THIS POST MAY CONTAIN AFFILIATE LINKS. PLEASE READ OUR DISCLOSURE FOR MORE INFO.
This afternoon we arrived in the Vava’u group of Tonga. On our way, we crossed the international date line – meaning we lost a day. Which got me thinking – if we just kept doing a east to west circumnavigation over and over again, we would just keep losing days….wtf??
The passage was easy – we left Niue around 8 pm Thursday and arrived in Neiafu early afternoon Sunday, although the trip only took us about 40 hours.
We didn’t have any luck fishing out there. Both nights my watch was pretty clear and star filled as the moon wasn’t rising until David’s shift.
One thing that amazes me about the South Pacific is how different these islands really are. The Marquesas and Societies are ruggedly mountainous, while the Tuamotus are flat shallow atolls. Niue is a giant coral rock with step cliffs and a wide plateau. Here in Tonga, once again the land is an elevated plateau, but it’s rock instead of coral.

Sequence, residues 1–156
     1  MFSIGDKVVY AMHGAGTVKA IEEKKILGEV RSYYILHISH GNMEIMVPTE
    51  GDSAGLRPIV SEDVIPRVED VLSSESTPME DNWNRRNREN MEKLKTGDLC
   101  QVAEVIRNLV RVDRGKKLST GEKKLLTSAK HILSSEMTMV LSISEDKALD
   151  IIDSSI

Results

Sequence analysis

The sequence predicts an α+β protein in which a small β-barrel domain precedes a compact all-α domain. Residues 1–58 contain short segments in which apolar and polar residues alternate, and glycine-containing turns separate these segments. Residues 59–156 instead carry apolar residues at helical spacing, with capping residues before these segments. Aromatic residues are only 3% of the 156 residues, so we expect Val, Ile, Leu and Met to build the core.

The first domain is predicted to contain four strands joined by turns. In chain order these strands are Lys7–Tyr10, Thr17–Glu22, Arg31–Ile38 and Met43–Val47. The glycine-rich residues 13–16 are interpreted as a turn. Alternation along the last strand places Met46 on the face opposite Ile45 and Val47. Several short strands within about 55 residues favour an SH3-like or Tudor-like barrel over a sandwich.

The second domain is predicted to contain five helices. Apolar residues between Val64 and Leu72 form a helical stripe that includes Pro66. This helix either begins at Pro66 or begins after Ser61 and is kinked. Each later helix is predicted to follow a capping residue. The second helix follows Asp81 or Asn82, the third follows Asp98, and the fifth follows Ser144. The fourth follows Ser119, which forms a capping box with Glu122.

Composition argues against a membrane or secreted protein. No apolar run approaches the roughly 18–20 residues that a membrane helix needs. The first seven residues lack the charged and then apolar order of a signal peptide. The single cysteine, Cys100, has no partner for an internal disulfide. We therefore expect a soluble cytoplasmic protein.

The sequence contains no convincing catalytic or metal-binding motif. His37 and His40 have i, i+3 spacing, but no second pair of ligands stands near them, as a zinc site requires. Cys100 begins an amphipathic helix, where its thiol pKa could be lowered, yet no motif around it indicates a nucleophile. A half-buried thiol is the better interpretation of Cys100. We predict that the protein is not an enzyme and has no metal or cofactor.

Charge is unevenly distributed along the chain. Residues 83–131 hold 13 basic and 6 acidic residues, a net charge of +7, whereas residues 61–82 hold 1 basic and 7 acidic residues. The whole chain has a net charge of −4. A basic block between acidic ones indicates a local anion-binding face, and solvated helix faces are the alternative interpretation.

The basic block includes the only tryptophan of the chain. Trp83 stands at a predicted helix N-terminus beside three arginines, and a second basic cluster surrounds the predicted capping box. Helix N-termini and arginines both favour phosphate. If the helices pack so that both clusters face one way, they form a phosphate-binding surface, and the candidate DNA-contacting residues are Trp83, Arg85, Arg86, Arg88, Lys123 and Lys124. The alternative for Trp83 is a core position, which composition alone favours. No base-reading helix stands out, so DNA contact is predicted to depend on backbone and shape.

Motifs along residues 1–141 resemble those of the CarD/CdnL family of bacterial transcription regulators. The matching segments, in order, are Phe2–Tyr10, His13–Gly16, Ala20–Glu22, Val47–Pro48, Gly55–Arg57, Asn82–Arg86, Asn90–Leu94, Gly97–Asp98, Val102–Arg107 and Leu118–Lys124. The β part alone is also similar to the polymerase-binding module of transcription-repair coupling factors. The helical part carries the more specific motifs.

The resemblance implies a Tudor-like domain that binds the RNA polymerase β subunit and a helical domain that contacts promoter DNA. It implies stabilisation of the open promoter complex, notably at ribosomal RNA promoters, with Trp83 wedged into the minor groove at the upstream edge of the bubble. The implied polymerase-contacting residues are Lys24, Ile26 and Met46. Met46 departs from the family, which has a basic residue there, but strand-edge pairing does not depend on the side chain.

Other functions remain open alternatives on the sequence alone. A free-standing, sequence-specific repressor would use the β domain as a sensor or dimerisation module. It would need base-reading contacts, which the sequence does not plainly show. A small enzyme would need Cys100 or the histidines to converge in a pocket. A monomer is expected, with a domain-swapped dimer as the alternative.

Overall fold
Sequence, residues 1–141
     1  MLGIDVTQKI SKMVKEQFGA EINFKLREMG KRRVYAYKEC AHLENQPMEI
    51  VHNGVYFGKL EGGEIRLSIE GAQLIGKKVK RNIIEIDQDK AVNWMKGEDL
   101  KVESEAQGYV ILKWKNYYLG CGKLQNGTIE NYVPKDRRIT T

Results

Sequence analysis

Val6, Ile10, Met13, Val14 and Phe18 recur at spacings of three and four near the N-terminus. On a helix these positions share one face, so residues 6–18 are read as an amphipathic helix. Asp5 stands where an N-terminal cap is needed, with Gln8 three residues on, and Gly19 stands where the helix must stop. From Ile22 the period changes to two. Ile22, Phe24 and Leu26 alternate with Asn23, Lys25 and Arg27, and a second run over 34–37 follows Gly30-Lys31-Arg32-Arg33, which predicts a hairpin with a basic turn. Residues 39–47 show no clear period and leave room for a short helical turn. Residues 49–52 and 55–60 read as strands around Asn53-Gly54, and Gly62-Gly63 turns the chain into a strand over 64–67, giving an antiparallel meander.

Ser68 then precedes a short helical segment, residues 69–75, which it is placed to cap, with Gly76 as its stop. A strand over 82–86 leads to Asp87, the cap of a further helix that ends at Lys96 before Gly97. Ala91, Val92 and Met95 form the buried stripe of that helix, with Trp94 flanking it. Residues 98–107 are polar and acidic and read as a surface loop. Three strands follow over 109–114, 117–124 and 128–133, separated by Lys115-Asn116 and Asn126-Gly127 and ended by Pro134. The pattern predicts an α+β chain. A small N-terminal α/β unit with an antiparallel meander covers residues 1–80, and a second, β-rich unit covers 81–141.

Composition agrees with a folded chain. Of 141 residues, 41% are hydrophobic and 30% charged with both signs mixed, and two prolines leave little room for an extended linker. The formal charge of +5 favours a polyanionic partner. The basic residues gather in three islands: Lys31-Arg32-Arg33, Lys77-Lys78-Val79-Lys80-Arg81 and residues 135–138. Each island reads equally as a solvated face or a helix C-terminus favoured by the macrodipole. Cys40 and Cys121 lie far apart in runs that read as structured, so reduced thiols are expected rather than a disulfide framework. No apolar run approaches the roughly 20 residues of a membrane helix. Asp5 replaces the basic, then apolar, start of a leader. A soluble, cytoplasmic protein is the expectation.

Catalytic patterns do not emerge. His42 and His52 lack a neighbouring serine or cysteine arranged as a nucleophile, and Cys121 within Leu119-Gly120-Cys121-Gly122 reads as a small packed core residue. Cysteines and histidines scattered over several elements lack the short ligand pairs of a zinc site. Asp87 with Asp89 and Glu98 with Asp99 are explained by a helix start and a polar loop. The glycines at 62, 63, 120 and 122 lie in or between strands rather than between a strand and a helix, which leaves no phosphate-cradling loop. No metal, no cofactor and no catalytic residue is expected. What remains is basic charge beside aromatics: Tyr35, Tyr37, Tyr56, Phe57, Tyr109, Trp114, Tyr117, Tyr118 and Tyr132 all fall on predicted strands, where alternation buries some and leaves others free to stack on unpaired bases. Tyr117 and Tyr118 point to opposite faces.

On our approach in we encountered a whale – the closest we’ve ever been to one. We were sailing into the entrance of the Vava’u group, and I spotted the spout just off our starboard bow. He was headed in the opposite direction of us, and I spotted his spout a few more times coming towards us, until he broke the surface with his fin, arched, and then flipped us his fluke. He was about 50 feet off our bow at this point, but we knew he’d be diving down and out of sight now. It was stunning!
The Vava’u group is a unique island formation – the largest island provides a very protected but deep bay. There are many cruisers here. The island has provided repeaters all over Vava’u for channel 26 on the VHF, and there’s even a morning net. Several friends are here – Kiwi Beans, Red Thread, Margansie, Nauti Nauti, etc. Looks to be a very social stop!!
I”m looking forward to some hiking, snorkeling, and more whale watching!